with him. Miss Grandison's letter to the Cap-


LXXVI. Miss Byron to Miss Selby.-Conver-
sation between Lady L- Miss Grandison,



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culars respecting Mr Beauchamp,
LXXXIV. Miss Byron to Miss Selby.-Reflec-
tions on love, &c. Discourse between Miss
Grandison and Miss Byron, .

I.XXXV. Sir Charles Grandison to Dr Bartlett.

-Sir Charles is solicited to go over to Bologna.

His anxiety to see Miss Jervois, his ward, com-

fortably settled in life. His sentiments respect-

ing Miss Byron. He wishes to make that young

lady the guardian and companion of his ward, 234

LXXXVI. Miss Byron to Miss Selby.-Obser-


vations made by Miss Byron's uncle and aunt

respecting the conversations related in some of

her preceding letters. Miss Jervois's affection

for her guardian. Character of that young lady, 237

LXXXVII. Sir Charles Grandison to Dr Bart-

lett. Account of a visit Sir Charles received

from Mrs Jervois, the mother of his ward. The

purpose of her visit being to withdraw her

daughter from the guardianship of Sir Charles, 239

LXXXVIII. Miss Byron to Miss Selby.-Mrs


O'Hara (the mother of Emily Jervois,) and her

husband, Major O'Hara, arrive abruptly at

Colnebrooke during the absence of Sir Charles

Grandison, and insist on seeing Miss Jervois.

Lord L, Sir Charles's brother, knowing the

evil disposition of this woman, and her desire

to withdraw her daughter from the guardian-

ship of Sir Charles, peremptorily refuses to let

her see her. The poor girl, hearing of her mo-

ther's arrival, and not daring to appear before

her, is relieved from her fears in some measure

by Miss Byron, who contrives to convey her from

the house without discovery by her mother, and

accompanies her in the carriage. Affecting

conversation that passed between the two young

ladies during their ride. The letter which Mrs

O'Hara left for her daughter,

LXXXIX. Mr Deane to Mrs Selby.-He de-

scribes his visit to Miss Byron, at Colnebrooke.

He proceeds to London, and waits on Sir Charles

Grandison; and thanks him for the relief he had

afforded to Miss Byron. Mr Deane commends

that young lady's virtues and personal accom-

plishments to Sir Charles, in order to discover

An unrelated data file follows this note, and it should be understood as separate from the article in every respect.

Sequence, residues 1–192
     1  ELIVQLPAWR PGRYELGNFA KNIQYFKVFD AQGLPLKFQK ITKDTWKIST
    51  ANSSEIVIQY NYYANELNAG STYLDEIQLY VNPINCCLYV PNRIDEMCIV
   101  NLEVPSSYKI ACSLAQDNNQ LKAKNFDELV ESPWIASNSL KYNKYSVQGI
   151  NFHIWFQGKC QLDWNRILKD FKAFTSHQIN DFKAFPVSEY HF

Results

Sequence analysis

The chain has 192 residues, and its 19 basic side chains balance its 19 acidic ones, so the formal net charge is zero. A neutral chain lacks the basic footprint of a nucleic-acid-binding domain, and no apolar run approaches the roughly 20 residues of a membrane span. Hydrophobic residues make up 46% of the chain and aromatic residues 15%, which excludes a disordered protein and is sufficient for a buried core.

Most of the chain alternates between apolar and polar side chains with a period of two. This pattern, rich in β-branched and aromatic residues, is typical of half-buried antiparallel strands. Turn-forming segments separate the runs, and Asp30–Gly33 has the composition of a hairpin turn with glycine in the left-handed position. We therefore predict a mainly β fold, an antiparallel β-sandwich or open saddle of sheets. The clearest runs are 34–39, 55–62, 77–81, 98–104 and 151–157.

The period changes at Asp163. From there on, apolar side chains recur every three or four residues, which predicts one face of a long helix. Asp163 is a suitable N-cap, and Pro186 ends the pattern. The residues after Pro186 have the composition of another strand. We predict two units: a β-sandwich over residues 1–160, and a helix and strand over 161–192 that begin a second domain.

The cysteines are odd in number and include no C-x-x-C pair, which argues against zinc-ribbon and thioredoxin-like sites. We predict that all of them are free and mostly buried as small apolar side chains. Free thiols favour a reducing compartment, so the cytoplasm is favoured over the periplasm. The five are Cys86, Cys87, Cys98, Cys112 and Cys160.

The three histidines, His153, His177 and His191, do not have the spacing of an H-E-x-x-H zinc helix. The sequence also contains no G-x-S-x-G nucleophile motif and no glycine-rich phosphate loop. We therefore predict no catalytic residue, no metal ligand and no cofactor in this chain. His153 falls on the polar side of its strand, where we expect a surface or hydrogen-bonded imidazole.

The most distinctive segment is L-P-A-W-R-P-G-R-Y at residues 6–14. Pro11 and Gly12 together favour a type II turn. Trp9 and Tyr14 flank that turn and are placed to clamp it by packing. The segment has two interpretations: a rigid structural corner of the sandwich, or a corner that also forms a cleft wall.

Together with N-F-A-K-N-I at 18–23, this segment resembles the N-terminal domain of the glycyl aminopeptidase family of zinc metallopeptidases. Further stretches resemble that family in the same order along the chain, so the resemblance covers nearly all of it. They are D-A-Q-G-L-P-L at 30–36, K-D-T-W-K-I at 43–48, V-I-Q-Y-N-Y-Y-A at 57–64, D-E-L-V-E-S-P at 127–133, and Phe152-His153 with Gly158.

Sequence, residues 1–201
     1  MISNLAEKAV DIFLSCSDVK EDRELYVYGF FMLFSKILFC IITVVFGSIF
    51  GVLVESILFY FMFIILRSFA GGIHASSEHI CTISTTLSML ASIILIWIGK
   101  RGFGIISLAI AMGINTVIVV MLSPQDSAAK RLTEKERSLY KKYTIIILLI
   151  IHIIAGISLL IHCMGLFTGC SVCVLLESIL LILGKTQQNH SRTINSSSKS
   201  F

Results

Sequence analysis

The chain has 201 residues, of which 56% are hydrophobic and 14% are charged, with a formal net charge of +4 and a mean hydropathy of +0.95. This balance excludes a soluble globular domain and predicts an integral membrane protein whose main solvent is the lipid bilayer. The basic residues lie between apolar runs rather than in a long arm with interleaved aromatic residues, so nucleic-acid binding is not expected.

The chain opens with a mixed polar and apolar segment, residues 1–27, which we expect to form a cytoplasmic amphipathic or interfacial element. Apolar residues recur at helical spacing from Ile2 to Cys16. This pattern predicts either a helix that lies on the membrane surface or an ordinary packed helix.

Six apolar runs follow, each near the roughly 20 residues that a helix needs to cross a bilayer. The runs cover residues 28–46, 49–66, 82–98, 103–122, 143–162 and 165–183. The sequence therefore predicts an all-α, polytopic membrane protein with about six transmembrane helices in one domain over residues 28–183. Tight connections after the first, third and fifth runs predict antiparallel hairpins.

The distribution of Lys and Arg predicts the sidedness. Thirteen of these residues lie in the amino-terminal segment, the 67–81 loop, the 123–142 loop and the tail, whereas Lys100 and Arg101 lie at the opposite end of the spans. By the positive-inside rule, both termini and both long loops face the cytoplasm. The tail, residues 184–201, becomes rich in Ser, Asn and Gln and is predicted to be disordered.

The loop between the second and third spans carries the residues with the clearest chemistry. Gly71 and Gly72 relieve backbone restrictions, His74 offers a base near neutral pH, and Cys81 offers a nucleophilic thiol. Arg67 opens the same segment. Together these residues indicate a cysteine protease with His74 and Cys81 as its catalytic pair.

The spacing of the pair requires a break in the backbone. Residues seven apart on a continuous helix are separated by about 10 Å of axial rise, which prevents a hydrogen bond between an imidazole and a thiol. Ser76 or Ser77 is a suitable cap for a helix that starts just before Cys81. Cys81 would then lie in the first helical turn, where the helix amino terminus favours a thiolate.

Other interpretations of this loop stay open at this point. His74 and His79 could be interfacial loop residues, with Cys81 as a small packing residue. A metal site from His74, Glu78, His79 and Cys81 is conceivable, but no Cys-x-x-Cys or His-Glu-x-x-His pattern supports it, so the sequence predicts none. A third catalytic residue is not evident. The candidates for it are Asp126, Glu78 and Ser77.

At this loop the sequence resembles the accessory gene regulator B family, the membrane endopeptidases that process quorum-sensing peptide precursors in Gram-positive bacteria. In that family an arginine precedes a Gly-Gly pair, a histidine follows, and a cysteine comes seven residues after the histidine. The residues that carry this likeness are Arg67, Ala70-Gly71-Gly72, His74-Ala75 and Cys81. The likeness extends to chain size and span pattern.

whether he entertained a mutual affection for

her; and he judges by Sir Charles's animated

replies, that his heart is indeed fixed on Miss

Byron. This intelligence Mr Deane communi-

cates with great exultation to Miss Byron's

friends; and sets forth in strong language the

virtues and manly qualifications of Sir Charles.

Short history of Miss Jervois,

XC. Miss Byron to Miss Selby.Interesting

conversation between Miss Byron and Miss Jer-

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pecting the qualifications and fortune of the
woman with whom his lordship might suitably
form a matrimonial alliance,

XCV. Miss Byron to Miss Selby.-Relation of

the happy manner in which Sir Charles Gran-

dison settled the affairs of the Danby family.

Dr Bartlett recites an instance of Sir Charles's

goodness to a mercantile family abroad, in can-

celling a bond for money lent by him. Miss

Byron expresses her alarm at Mr Deane's late

visit to Sir Charles, .

XCVI. Sir Charles Grandison to Dr Bartlett-Sir

Charles laments that he has not yet conquered

his own propensity to yield to sudden gusts of

passion. He relates an occurrence that had late-

ly raised his indignation; this was an insolent

visit from Mrs O'Hara and the Major, her hus-

band. The purport of their visit, and the dis-

dainful manner in which Sir Charles drives

them out of his house. They employ a petti-

fogging attorney to proceed against Sir Charles, 262

XCVII. Miss Byron to Miss Selby.-Sir Charles
Grandison returns to Colnebrooke. Conversa-
tion between him and the ladies. Sir Charles
comforts Miss Jervois, and assures her of his
protection against the insults of her unnatural
mother. His comments on the letter left by
that vile woman, when she made her rude visit
at Colnebrooke; with several particulars rela-
tive to her ill conduct towards her deceased hus-
band. Sir Charles advises his ward how to be-
have herself to her mother, and assists her in
writing a letter to her,.

XCVIII. Miss Byron to Miss Selby.-Interest-

ing conversation between Sir Charles Grandison

and his sister, &c.

XCIX. Miss Byron to Miss Selby.-Sir Charles

Grandison is offended at his sister's coquetry,

but is soon reconciled to her. Miss Byron per-

mits Sir Charles to peruse some of her letters.

His handsome compliments to her on receiving



C. Miss Byron to Miss Selby.-Sir Charles Gran-

dison returns Miss Byron her letters, and ex-

presses himself highly gratified by the perusal.

Farther conversation between Sir Charles and

his sister,



Miss Byron to Miss Selby. Sir Charles

Grandison's narrative of the manner in which

he rescued Mr Danby from the murderous at-

tempts of his profligate brother. Sir Charles

receives letters which give him great uneasiness.